Imagine you have just become lucid inside a dream. Everything you are seeing and experiencing is a dream, from the rosy-tipped mountains in the distance to the tiny yellow flowers at your feet. It’s wonderful, more real than reality, but what do you do now?
In a lucid dream there are even more possibilities for action than there are in waking life. In lucid dreams, you can go beyond everyday experience. You can launch into flight, fulfil your sexual fantasies, breathe underwater or teleport to your favourite country or person. You can explore deep space or stunning landscapes, turn yourself into a river, or speak to deceased loved ones. When you become lucid in a dream you can live these experiences with full conscious awareness, and this makes them highly memorable.
“I realise that I am dreaming… I arch my head back and look straight up into the air. I see a beautiful eagle, or perhaps a hawk, floating in the air above me, hovering in place with poised, widespread wings. The sky is absolutely clear blue and the rays of the sun filter down through the outstretched feathers of the bird… I feel impressed and joyous at the marvellous beauty of this scene which I savour, fully and deliberately, in every detail. Suddenly I awaken, and I lie in bed with my eyes closed, my mind fully alert, basking in the afterglow of the vision.”
– Ken Kelzer, The Sun and the Shadow, pp.18-19
Before you can fully explore the world of lucid dreaming, you need to know how to stay lucid instead of waking up seconds after
realising you’re dreaming. You’ll then be able to start practising basic dream control so that you can guide and shape the dream if you want to.
One dream control technique that also helps you to stay lucid is that of setting a dream goal before you go to sleep. Once you get lucid, calmly remind yourself of your goal: ‘I want to practise walking on my hands in a dream’, or: ‘I want to go on a romantic date with X’. As the dream unfolds, remind yourself regularly of your goal. Verbalising your actions encourages them to happen and simultaneously stabilises lucidity so you don’t get so swept up by the emotional intensity and physical sensations of the dream world that you awaken. When things get really intense, give yourself a reminder: ‘I am carrying out my lucid dream goal of merging with the sun’.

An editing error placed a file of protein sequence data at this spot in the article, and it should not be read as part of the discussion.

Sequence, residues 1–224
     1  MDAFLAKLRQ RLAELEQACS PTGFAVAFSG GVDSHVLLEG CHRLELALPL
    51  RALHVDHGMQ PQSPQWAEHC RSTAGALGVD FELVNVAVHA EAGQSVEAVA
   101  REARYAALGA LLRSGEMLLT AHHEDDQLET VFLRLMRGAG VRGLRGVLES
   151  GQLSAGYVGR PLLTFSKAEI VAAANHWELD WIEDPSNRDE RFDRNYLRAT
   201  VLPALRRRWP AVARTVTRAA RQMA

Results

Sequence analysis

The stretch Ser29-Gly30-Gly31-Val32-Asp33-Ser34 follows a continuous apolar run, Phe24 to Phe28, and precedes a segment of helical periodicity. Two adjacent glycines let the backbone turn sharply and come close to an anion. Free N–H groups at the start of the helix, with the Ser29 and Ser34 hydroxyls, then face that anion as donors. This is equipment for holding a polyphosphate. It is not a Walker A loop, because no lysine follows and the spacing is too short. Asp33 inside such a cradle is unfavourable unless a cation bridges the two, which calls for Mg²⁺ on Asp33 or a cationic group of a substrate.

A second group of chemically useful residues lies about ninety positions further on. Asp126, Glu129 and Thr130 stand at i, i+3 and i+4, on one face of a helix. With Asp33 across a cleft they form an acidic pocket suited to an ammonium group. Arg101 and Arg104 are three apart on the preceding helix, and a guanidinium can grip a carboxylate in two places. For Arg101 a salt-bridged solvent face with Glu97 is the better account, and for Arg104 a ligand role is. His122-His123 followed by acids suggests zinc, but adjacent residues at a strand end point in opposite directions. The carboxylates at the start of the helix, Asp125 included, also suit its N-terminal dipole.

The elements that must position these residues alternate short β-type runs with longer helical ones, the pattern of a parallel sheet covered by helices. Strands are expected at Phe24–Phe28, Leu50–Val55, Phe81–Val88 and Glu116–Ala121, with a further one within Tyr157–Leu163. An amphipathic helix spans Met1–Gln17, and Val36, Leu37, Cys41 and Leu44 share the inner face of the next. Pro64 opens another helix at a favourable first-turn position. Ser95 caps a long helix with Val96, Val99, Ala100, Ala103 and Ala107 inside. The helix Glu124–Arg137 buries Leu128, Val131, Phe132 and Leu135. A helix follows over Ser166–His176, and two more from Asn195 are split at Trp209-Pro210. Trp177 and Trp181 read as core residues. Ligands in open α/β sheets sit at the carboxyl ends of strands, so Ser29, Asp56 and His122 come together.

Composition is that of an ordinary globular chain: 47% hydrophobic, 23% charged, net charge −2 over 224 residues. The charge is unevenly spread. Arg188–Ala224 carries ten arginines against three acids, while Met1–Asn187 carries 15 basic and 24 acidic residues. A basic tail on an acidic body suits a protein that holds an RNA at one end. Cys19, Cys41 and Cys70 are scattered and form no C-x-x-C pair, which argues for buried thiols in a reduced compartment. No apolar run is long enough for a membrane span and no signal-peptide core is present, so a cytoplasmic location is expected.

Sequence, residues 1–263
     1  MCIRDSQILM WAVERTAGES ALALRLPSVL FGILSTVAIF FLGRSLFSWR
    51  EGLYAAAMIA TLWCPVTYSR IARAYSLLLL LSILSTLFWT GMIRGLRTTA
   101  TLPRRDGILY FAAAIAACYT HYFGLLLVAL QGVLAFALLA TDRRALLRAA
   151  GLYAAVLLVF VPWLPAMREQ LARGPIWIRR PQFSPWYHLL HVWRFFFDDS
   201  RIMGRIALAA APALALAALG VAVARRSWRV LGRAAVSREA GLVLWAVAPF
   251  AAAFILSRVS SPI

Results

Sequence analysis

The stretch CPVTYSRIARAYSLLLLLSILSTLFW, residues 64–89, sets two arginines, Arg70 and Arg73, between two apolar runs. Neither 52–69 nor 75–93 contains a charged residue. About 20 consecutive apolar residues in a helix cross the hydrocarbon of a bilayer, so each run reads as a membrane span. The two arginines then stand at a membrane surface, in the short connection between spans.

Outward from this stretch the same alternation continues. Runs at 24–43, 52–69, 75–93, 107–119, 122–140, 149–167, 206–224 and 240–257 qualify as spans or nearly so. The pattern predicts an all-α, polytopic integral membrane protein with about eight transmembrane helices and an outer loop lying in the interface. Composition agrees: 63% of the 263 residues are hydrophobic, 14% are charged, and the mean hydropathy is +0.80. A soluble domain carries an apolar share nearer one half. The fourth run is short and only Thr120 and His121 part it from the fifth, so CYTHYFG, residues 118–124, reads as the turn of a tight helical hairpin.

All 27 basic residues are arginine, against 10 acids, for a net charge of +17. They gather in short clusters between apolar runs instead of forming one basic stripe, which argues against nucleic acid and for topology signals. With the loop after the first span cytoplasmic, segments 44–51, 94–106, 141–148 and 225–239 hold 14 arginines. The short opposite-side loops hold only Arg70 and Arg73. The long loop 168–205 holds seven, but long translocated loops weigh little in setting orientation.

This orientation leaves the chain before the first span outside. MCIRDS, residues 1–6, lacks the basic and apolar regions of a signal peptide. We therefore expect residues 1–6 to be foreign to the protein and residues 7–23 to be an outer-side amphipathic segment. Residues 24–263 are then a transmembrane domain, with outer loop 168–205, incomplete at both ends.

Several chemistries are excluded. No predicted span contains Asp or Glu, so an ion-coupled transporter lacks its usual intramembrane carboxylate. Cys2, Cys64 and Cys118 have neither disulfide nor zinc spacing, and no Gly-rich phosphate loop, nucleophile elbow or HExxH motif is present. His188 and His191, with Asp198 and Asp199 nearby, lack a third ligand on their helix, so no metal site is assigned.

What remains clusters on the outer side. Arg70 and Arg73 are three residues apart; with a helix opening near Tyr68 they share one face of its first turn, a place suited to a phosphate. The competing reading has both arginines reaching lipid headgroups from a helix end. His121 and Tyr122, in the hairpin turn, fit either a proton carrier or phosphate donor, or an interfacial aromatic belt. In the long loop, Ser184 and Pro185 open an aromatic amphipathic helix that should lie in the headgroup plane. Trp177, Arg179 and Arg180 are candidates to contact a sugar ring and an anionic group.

Once you know the basics of getting and staying lucid, you’ll naturally start to have more lucid dreams, and longer lucid dreams. At this point, things start to get really interesting. Lucid dreams have their own flexible ‘laws’ of physics and are generally experienced in a dream body, which is a wonderful tool for lucid exploration. Dreams are thought-responsive environments where the thoughts you think and the emotions you have will naturally impact upon the dream, inspiring it to unfold in certain ways. Lucid dreaming is a conversation and part of the wonder of waking up inside a dream is observing the way your dream responds to you. This is your chance to get to know your deeper self, ask the dream questions you’d like answers to, heal phobias, get creative, and discover for yourself the extraordinary potential of lucid dreaming.